Archive for the tag “Revelation”

Judgment, Trial, or Consequence?

Yesterday when I wrote about my thoughts, I said that I was thinking this COVID thing was judgment from God rather than a trial we are going through.

When I wrote it, I was actually surprised how easily those words came from my hands. Today, after prayer and thought, I am not so sure.  Do I still believe it could be judgment from God? Yep. Am I convinced of it? Not so much.

Here is why.

I decided to take a vacation. The clamors of the world were so loud over the past 5 months that I needed to disappear and get some alone time with God. I left Friday for vacation, heading into the mountainous areas of southwest VA. Mimi joined me for a couple of days and we tooled around the area looking at antiques and flowers and things, but she left Sunday afternoon and I stayed behind to get some alone time with God.

Yesterday, when I woke up, I started thinking on judgments in the Bible and what they looked like. I let my emotions lead my typing as I posted yesterday.

But then I spent much of the day reading, studying the Bible, and reviewing those judgments in there as well as other times people called things judgment that were not.

And now I am not so sure.

Looking at specific times in the Bible that could be used as a barometer for this being judgment, I started in the New Testament.

Acts 12:23 – Immediately an angel of the Lord struck him down, because he did not give God the glory, and he was eaten by worms and breathed his last.

I know, not necessarily the use of a disease, but a judgment nonetheless and, bonus, it has worms eating a guy! But God does use death as a judgment. This one, was more personal than corporate.

Then you have this…

John 5:14 – Afterward Jesus found him in the temple and said to him, “See, you are well! Sin no more, that nothing worse may happen to you.”

Jesus is clearly telling someone to not sin anymore so that nothing else happens to him. But then I got to praying about this. Is this judgment or consequence? This guy was paralyzed 38 years prior. Who knows if it was from his sin or if he simply tripped and became paralyzed. We need more to the story to determine if it is truly judgment that Jesus is talking about here or if it consequence.

What about this one…

1 Corinthians 11:30 – That is why many of you are weak and ill, and some have died.

This one is clearly a judgment. Jesus is doing communion with His disciples and He tells them that if you take communion without discerning the body is eating and drinking judgment on themselves. Then He goes on to tell them that this is why many have died or are weak or sick.

Clearly a judgment here.

And this is a judgment specifically for people who are followers of Christ!

How about in the Old Testament?

Well, we have Job. His friends told him that he was being judged by God. God called Job’s friends wicked and stupid for saying that, though.

You would think that if this was judgment, there would be no confusion about whether it is or isn’t. God is not a God of confusion but of clarity.

One more verse to make a point is in Luke 13….

Luke 13:4-5 – Or those eighteen on whom the tower in Siloam fell and killed them: do you think that they were worse offenders than all the others who lived in Jerusalem? No, I tell you; but unless you repent, you will all likewise perish.”

A tower fell in Jerusalem and the people wanted to know if it was judgment on them. Jesus specifically tells them it was not.

So now I am left wondering. Is this judgment? Is it a trial? Is it a consequence? I tend to lean more (today) on the consequence than anything. We are acting foolishly here in America, and especially in our churches, and we are not heeding the sound advice of the experts in their fields and doing what we please. There has to be a consequence that follows that course of action.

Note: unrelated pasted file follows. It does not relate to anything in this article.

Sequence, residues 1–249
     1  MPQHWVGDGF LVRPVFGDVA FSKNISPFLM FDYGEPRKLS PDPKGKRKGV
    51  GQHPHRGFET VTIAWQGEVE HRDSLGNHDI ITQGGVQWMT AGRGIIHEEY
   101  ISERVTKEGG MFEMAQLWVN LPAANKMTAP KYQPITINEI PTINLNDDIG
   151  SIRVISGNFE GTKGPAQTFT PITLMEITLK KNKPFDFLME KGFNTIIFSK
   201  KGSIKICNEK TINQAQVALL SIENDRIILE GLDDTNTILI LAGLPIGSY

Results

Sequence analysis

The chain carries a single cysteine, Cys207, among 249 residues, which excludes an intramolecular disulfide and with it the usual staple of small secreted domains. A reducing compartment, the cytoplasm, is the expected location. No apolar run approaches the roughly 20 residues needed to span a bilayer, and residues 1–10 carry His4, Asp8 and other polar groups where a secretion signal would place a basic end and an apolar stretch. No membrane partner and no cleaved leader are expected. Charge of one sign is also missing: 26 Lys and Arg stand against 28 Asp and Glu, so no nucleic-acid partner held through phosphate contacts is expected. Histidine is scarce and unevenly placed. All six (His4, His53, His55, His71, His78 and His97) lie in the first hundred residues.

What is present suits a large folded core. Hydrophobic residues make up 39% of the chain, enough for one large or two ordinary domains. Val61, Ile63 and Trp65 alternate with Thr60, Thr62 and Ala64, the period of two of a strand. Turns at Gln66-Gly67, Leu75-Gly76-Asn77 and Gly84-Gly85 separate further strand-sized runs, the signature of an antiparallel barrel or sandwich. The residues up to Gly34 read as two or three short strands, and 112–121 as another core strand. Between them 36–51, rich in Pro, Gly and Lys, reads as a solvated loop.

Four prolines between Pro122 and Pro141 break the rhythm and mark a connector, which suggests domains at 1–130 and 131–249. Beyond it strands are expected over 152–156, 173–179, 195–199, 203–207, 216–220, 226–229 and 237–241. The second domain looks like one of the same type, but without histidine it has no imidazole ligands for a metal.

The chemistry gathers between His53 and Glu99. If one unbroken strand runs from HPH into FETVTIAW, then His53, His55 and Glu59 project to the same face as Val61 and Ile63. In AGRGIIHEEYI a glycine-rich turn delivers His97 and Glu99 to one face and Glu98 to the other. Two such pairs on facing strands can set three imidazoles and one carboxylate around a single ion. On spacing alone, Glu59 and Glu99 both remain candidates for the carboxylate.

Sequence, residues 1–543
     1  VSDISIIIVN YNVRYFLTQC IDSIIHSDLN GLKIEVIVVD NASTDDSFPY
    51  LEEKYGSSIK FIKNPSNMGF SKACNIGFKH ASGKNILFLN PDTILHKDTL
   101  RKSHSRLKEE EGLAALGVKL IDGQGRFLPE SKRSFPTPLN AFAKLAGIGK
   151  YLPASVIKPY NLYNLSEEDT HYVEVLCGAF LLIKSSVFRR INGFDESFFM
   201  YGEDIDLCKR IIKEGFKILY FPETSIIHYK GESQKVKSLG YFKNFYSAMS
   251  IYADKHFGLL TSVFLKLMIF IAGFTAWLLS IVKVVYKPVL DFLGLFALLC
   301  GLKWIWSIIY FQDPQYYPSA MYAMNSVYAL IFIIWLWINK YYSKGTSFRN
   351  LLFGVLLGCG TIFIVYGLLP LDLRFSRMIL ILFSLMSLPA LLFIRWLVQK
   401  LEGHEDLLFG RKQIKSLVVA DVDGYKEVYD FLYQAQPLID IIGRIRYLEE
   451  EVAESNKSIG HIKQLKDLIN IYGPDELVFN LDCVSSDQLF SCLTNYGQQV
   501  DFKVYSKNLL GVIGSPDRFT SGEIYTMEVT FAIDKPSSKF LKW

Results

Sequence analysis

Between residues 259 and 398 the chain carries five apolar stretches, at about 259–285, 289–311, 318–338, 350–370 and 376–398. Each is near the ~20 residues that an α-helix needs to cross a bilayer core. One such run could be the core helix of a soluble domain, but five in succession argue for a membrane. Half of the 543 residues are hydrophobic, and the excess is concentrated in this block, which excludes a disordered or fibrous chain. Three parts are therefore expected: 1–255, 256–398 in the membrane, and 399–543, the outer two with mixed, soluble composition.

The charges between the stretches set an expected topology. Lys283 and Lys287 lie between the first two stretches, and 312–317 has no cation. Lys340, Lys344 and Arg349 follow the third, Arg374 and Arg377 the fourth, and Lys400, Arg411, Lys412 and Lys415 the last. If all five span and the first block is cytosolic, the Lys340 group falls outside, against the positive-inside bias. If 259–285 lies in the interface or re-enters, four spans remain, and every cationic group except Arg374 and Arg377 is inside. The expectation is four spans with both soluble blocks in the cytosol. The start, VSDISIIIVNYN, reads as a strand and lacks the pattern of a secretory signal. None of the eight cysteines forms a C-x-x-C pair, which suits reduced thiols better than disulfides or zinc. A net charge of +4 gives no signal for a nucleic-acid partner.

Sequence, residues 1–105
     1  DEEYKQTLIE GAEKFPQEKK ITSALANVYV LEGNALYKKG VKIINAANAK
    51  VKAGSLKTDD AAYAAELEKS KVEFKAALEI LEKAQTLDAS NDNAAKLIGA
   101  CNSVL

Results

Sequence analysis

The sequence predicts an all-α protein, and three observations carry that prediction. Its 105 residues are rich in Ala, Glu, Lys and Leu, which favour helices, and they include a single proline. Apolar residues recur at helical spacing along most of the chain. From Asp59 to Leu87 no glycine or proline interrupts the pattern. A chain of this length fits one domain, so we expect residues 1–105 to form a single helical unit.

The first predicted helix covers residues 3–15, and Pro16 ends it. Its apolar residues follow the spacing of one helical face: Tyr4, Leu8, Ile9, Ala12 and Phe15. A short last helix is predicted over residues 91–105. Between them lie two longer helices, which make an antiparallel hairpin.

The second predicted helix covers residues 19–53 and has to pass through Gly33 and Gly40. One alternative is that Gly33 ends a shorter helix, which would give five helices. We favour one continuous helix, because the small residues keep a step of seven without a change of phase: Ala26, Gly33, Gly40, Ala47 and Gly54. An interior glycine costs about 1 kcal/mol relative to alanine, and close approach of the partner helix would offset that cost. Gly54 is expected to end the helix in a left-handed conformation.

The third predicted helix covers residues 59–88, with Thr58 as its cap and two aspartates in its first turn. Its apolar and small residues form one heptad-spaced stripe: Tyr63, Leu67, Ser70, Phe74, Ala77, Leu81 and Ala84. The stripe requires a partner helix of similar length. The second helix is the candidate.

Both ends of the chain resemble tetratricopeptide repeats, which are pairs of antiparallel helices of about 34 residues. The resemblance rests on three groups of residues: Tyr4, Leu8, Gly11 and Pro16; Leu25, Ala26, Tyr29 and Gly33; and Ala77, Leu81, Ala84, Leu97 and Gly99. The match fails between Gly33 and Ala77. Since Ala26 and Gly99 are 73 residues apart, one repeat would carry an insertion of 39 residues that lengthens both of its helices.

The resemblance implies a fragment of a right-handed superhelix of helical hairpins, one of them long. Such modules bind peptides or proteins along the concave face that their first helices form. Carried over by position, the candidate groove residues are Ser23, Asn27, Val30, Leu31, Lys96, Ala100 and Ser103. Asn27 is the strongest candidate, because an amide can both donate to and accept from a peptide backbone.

Ultimately, though, it is God who is in control. And, one day, this will all be wiped away as we enter rest with Him.

Zechariah 14: 1-11 Commentary

I am finally returning to finish what I had started so many months ago, to comment on the book of Zechariah. With all the events happening in the world today between viruses and rioting in the streets of America, God has kept me fairly quiet, at least on the social front.

This week is verses 1-11. Next week (hopefully) I will finish the rest of the chapter and thus finish the book of Zechariah.

Zechariah 14:1 – Behold, a day is coming for the Lord, when the spoil taken from you will be divided in your midst.

The ESV says this is a day for the Lord. Other translations say that “the day of the Lord is coming.” This is a time when God will show wrath toward heathen. This is meant to be the establishment of the millennial kingdom on earth.

Jerusalem will be overtaken and split up among its enemies. This will be the trigger for the Day of the Lord. Many think this is the time around 70 AD when Rome came against Jerusalem with a multinational army. But the deliverance that is listed by Zechariah doesn’t happen during the 70 AD event.

Zechariah 14:2 – For I will gather all the nations against Jerusalem to battle, and the city shall be taken and the houses plundered and the women raped. Half of the city shall go out into exile, but the rest of the people shall not be cut off from the city.

The brutality that will happen during this time will be beyond compare. The brutalities are typical hostilities that happen when hatred reigns in a person’s heart. After the brutality, half of the people will be taken into captivity and then a remnant will remain.

Zechariah 14:3 – Then the Lord will go out and fight against those nations as when he fights on a day of battle.

Like throughout all of Biblical, and even modern, history, the Lord shows up gloriously when it seems all hope is lost. Think of the Israelites during the Exodus, they could not see the waters part until their had wet feet. Or I think of Paul & Silas in prison. Again, when all hope seemed lost, God showed up in a glorious way. I immediately go to the Revelation, chapter 14 verse 14 or Ezekiel 38:21.